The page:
Know Your Theologians #2 – C.S. Lewis

  • And now a feature of freelance theology returns with a look at CS Lewis

    Bare Facts
    Born in Belfast in 1898, Lewis was educated at private school and Oxford University before lecturing at Oxford and Cambridge. He rediscovered Christianity in the 1930s after declaring himself an atheist. He wrote a number of ‘apologetic’ works in popular speech and was a popular radio broadcaster, as well as writing several novels. He married an American friend, Joy Gresham, initially as a means of enabling her and her sons to stay in the United Kingdom. Later, they lived together as man and wife and his account of her death from cancer became the cornerstone for his book A Grief Observed. C.S Lewis died on 22 November 1963, the same day that President Kennedy was assassinated in Dallas, Texas.

    Why is he important?
    C.S. Lewis has become one of the most quoted Christian writers of the twentieth century, particularly in protestant, evangelical circles. His Chronicles of Narnia, which Lewis wrote as an allegory for the Christian story, have been perennial children’s fiction bestsellers. The Lion, the Witch and the Wardrobe, the first of the Narnia books to be published, although actually the second in the series after Lewis’ prequel The Magician’s Nephew, has recently been made into a movie blockbuster by the Disney corporation. The obvious identification of Aslan the lion, who surrenders himself as a sacrifice in exchange for the traitor Edmund, with Jesus Christ has become a byword in the Christian subculture.

    So, he’s a bit of an evangelical hero, then?
    Yes, but that’s a bit odd really. Lewis held a number of beliefs that conflict with typical evangelical theology. In one of his novels, The Great Divorce, he implies that human beings have a second chance of getting into heaven after death. In the final Narnia book, The Last Battle, he explores the idea of ‘anonymous Christianity’ when a young Calormene is told by Aslan that: “if any man swear by Tash and keep his oath for his oath’s sake, it is by me that he has truly sworn, though he know it not, and I is I who reward him. And if any man do a cruelty in my name, though he says the name Aslan, it is Tash whom he serves and by Tash that his deed is accepted.” [The Last Battle, Fontana Lions, 1980, p.156]. The third book in his science fiction trilogy, That Hideous Strength, introduces characters such as a risen-again Merlin the wizard, and various ‘gods’ from Norse myths in a weird apocalyptic ending to the story.

    In The Screwtape Letters, Lewis, a committed Anglican, explicitly has a go at non-conformist religion. Writing as the ‘senior devil’ Screwtape, he says: “the parochial organisation should always be attacked, because, being a unity of place and not of likings, it brings people of different classes and psychology together in the kind of unity the Enemy [i.e. God] desires. The congregational principles, on the other hand, makes each church into a kind of club, and finally, if all goes well, into a coterie or faction.” [The Screwtape Letters, Macmillan revised edition 1982, Letter XVI, p.73]. Even Lewis famous ‘conversion’ quote, used in the Alpha course, where he ‘sinks to his knees as the most unwilling believer in England’ (the full quote is taken from Surprised by Joy), actually relates to a belief in a general ‘God’. His attachment to Christianity came much later. The ‘Joy’ he was ‘Surprised’ by was caused by exposure to Scandinavian myths, so much so that it has been said that Lewis loved the dying-and-rising Norse God Baldur, before he loved Christ.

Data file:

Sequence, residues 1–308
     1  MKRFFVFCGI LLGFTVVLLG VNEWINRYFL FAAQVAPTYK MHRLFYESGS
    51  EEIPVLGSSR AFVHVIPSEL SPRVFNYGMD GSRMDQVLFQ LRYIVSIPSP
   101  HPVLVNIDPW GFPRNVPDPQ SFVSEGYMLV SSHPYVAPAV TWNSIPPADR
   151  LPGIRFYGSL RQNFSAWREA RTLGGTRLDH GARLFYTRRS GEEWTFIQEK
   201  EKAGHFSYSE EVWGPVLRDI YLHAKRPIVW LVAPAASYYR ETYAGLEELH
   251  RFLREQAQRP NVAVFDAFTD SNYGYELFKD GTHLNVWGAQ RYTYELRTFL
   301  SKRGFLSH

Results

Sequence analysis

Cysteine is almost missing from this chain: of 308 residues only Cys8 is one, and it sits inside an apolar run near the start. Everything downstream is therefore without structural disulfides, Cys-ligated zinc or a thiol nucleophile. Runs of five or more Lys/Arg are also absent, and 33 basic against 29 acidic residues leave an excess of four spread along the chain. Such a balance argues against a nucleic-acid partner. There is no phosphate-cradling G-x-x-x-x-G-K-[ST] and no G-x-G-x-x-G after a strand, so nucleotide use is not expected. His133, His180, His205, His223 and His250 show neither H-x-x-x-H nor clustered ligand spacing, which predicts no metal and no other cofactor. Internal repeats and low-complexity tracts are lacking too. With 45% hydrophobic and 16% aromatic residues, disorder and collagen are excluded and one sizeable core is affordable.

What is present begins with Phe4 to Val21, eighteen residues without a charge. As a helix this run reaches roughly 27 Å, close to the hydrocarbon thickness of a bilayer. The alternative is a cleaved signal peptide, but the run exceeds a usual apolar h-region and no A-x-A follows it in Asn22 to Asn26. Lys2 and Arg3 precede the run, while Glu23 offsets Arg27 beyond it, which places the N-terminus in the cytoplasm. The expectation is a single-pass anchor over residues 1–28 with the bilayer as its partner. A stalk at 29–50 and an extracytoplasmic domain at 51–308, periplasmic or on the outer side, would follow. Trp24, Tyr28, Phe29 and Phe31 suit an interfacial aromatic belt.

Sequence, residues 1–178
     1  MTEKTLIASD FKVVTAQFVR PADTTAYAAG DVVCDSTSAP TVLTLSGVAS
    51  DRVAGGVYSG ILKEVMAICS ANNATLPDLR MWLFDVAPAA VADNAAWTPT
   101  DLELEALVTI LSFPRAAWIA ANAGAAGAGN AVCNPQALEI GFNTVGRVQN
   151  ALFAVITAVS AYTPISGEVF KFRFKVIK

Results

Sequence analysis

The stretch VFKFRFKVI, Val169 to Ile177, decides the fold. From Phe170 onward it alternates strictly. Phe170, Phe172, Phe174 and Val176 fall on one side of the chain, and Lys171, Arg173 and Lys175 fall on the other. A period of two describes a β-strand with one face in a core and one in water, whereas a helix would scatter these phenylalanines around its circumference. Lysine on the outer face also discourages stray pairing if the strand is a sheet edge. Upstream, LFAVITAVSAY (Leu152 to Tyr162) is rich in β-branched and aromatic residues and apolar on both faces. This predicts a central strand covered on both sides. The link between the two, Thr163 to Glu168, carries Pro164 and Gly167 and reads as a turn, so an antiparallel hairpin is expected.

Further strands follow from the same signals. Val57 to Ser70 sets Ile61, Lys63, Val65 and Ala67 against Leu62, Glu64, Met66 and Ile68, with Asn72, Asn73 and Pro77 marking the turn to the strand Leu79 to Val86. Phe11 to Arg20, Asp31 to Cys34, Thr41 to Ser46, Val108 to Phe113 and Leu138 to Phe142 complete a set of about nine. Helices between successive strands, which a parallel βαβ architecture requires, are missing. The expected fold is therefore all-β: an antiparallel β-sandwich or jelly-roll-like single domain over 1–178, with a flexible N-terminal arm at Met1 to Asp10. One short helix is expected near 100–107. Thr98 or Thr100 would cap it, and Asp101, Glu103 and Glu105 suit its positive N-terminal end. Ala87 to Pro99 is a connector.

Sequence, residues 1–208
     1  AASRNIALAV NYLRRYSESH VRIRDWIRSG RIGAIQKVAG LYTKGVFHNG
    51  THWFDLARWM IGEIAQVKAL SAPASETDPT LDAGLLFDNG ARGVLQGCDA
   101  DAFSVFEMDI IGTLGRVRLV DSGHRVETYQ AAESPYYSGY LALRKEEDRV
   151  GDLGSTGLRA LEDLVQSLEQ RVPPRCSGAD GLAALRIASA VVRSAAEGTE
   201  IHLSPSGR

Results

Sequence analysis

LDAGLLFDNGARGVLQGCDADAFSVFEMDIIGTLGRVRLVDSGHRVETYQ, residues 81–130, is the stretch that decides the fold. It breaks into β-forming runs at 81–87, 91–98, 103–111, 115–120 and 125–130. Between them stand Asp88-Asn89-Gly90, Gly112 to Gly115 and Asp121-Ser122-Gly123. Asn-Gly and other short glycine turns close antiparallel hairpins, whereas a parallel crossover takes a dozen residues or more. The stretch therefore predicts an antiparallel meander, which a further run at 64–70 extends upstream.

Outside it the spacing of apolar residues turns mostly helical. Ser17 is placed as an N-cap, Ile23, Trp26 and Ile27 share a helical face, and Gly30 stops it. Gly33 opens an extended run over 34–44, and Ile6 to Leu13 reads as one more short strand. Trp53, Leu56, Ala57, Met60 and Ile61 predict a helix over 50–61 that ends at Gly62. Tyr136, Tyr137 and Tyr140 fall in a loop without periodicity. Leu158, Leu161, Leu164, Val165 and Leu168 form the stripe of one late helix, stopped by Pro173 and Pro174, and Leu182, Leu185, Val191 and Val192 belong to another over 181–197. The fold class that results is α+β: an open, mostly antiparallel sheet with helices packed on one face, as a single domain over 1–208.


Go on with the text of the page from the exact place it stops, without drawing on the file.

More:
So why is he quoted by so many evangelicals?
    His writing is lucid, easily intelligible and often witty. Lewis himself might have been a fairly unapproachable medieval historian (he never lectured in theology at either Oxford or Cambridge), but many people find his writings accessible and full of interesting ideas, expressed concisely. Also, because of the popularity of his fiction, most people have heard of ‘C.S. Lewis – who wrote the Narnia books’.

    And he entered into a marriage of convenience?
    He was good friends with Joy Gresham before they got married. A bachelor for most of his life, he did admit to his friends and family that he was going to marry Joy so that she could stay in the country with her two boys. They did subsequently fall in love and consummate the marriage.

    What would you recommend reading?
    The Screwtape Letters contains a lot of thought-provoking material and is very easy to read. His science fiction is alright. Some of his earlier theological works, e.g. The Problem of Pain or Miracles are quite philosophical and dense. If you like the Narnia books and can get your hands on Past Watchful Dragons by Walter Hooper, Lewis’ secretary, that’s quite interesting as it’s an account of Lewis’ creative processes and contains some stuff that didn’t make it into the chronicles.

    What will his legacy be?
    Narnia, obviously. Disney want to make more films. Fellow fantasy-author and friend J.R.R. Tolkien said that Lewis was the only one of his friends ‘who had published more books after his death than before’ (quoted by Walter Hooper in the preface to Fernseed and Elephants, Fontana 1975, p.7). And he’ll probably be quoted in Alpha talks, evangelistic literature, sermons and magazine articles ad infinitum.

    Notable quote: There are too many to list. Alpha attendees will have heard the ‘conversion quote’. A popular one at the moment is the description of Aslan in The Lion, the Witch and the Wardrobe where Mr Beaver says “He’s not a tame Lion!

    Final Fact: ‘C.S.’ stands for Clive Staples.

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